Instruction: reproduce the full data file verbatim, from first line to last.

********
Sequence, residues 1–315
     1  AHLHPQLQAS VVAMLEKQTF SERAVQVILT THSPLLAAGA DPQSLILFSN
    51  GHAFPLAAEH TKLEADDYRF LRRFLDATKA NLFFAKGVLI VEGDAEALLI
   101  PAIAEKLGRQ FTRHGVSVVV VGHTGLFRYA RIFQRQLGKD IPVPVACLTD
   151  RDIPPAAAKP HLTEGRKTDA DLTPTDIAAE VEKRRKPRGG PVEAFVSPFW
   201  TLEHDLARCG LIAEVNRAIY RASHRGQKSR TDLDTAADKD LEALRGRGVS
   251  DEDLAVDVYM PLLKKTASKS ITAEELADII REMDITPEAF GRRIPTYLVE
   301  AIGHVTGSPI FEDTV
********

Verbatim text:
Sequence, residues 1–315
     1  AHLHPQLQAS VVAMLEKQTF SERAVQVILT THSPLLAAGA DPQSLILFSN
    51  GHAFPLAAEH TKLEADDYRF LRRFLDATKA NLFFAKGVLI VEGDAEALLI
   101  PAIAEKLGRQ FTRHGVSVVV VGHTGLFRYA RIFQRQLGKD IPVPVACLTD
   151  RDIPPAAAKP HLTEGRKTDA DLTPTDIAAE VEKRRKPRGG PVEAFVSPFW
   201  TLEHDLARCG LIAEVNRAIY RASHRGQKSR TDLDTAADKD LEALRGRGVS
   251  DEDLAVDVYM PLLKKTASKS ITAEELADII REMDITPEAF GRRIPTYLVE
   301  AIGHVTGSPI FEDTV